In this scenario - the assumption is that the debt held is ultimately traced to American consumers.

Comments?

Yes, there will be higher bankruptcies and yes there will be defaults and more solvency issues... but the government can and likely will come in with programs to "help", and the Fed will also show up on its white horse to "save" the day... after enough pain and fear and noise etc. has occurred.

c1ue
01-04-08, 11:43 PM
I don't know what I am missing here...

Grape, Spartacus,

What Mish is saying is not that defaults are de- or in- flationary.

What he is saying, I believe, is that the inflationary scenario assumes that debts continue to be paid back, yet that this assumption is not correct.

Thus under your examples - a normal inflationary cycle assumes that the financial institutions will have their (good or bad) debt repaid, but that even more debt will be issued. What Mish is saying is that if in fact rising inflation causes more debt to default, then the financial institutions will be forced to curtail new lending even more as their writeoffs increase.

As for wage increases keeping up with inflation - seriously, when has that ever happened in negative economic circumstances?

From iTulip's list of inflationary scenarios, I'm pretty close to absolutely certain that wages did not keep up with prices in any of those places and time periods.

c1ue
01-04-08, 11:47 PM
Yes, there will be higher bankruptcies and yes there will be defaults and more solvency issues... but the government can and likely will come in with programs to "help", and the Fed will also show up on its white horse to "save" the day... after enough pain and fear and noise etc. has occurred.

Bart,

I understand your point, but if defaults rise to unmanageable levels, then the government can only either assume the debt (and erase it), or change capital requirements.

In the former case, I would think that this would kill the entire US$ bond market, likely also the treasuries.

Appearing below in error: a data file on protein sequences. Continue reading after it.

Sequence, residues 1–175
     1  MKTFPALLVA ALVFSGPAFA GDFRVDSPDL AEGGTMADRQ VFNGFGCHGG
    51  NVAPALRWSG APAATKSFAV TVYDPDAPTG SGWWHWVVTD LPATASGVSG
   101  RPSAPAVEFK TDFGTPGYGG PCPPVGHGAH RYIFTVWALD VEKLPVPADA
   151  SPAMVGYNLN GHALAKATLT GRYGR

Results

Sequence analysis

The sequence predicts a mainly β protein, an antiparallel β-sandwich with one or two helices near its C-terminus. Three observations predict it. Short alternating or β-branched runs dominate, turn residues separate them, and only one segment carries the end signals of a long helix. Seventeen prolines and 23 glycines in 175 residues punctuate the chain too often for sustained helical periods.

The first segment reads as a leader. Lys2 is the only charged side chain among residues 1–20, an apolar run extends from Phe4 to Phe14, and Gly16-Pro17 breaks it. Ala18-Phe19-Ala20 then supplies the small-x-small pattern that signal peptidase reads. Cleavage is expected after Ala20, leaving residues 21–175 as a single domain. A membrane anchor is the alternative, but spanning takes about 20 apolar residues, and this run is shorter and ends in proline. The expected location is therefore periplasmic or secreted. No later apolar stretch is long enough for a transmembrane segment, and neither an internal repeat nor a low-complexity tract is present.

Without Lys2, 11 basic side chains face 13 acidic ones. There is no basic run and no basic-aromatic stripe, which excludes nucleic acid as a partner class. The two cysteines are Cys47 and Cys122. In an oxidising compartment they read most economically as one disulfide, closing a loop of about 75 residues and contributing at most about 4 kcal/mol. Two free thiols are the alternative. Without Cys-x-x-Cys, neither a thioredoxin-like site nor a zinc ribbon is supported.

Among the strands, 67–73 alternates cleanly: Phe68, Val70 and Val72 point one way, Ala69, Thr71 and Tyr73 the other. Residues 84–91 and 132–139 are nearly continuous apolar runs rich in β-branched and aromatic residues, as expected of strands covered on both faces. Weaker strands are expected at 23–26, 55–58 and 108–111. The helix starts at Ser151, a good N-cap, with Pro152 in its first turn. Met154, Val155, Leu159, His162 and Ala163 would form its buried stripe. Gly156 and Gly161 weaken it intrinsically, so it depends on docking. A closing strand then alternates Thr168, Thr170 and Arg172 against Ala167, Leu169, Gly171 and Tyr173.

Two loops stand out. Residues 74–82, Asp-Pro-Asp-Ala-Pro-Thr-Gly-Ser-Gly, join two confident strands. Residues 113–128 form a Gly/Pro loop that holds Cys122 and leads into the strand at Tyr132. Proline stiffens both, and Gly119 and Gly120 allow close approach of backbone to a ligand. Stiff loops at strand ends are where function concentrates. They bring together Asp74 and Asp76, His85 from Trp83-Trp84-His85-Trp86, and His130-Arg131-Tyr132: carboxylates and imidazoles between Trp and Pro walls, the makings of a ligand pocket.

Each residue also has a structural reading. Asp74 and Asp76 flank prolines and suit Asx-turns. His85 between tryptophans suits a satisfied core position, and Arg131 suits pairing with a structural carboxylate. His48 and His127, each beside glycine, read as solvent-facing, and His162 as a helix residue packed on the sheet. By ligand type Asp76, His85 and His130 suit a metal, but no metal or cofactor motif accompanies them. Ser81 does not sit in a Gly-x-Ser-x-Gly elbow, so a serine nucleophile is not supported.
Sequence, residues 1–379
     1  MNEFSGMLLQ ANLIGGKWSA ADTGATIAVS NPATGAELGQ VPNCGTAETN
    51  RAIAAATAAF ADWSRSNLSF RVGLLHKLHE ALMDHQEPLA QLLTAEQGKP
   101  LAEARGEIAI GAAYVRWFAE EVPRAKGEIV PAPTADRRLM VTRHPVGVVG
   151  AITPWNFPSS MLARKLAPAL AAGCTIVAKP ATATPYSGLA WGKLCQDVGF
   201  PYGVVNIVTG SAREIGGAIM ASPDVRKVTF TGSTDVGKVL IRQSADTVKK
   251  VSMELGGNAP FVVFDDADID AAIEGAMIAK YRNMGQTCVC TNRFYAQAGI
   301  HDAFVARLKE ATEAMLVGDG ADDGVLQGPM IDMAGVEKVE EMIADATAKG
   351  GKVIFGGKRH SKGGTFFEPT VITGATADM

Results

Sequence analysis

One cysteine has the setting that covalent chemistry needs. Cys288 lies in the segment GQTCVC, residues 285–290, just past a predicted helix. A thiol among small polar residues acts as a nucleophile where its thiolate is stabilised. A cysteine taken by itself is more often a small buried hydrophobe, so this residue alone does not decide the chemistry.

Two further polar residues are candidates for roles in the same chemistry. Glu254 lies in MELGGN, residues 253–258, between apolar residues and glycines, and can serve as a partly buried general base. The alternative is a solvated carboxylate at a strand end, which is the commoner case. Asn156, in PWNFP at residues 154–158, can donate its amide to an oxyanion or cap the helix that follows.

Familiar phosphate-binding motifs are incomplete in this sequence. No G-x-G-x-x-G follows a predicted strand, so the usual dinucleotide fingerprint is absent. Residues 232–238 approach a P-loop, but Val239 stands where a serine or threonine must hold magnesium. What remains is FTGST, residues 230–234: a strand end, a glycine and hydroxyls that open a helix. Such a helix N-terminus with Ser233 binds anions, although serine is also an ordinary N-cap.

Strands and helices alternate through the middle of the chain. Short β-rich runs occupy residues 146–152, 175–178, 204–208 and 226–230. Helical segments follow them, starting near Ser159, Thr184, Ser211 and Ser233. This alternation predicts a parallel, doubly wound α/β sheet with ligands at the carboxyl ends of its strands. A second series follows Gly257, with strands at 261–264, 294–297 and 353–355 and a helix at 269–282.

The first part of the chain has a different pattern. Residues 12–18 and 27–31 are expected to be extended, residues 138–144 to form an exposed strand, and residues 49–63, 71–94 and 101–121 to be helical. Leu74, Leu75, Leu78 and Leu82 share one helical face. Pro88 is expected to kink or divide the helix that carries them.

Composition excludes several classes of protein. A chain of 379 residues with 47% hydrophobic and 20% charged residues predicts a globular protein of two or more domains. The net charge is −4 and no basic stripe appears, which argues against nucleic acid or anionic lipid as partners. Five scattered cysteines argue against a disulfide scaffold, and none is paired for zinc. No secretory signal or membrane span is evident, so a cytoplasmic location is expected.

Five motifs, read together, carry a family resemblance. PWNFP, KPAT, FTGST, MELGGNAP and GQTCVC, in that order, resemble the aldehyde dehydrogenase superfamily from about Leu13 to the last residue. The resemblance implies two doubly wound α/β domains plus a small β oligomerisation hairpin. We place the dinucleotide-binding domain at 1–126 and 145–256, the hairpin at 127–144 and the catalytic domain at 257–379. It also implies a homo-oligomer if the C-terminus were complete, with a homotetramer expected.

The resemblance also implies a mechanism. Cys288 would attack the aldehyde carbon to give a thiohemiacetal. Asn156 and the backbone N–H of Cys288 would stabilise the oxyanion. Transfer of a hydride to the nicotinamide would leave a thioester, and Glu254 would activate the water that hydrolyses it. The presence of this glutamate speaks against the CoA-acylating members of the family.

In the latter, I'd think there would be backlash as all of the other banks around the world reciprocated (they'd have to).

FRED
01-04-08, 11:47 PM
There is an error here...debt defaults are NOT deflationary.

If $100 is loaned to Able, Able spends the money. That is inflationary. Now if Able pays it back, that is deflationary.

But if Able defaults, no net gain or loss. It is not deflationary.

What will happen though is that the government will bail out the bank by making it oh-so-easy to loan into existence another $100...so debt defaults are INFLATIONARY.

I don't know what I am missing here...

In a world where money is lent into existence, this is correct. Money creation begins when a bank lends to Able. (More precisely, it begins when various conditions are met which allow the lender and Able to complete a loan transaction.) A default on an existing loan is deflationary, as in the repayment of a loan with no new loan created to take its place on the lender's balance sheet (remember, a loan is a liability to or I, an asset to a lender). In both cases of default or repayment, the loan is extinguished. However, in the case of a repaid loan, the lender's ability to re-loan improves, whereas in the case of a default it is not.

Here is where the Fed can impact the conditions that allow lenders to extend new loans even though there have been many defaults. As Aaron Krowne found, in 1995 to re-start the seized up banking system, the Fed changed reserve requirements and allow banks to create sweep accounts. That particular method will probably not be used again. However, anyone who thinks the Fed does not have more methods has not been paying attention to what we've been writing here.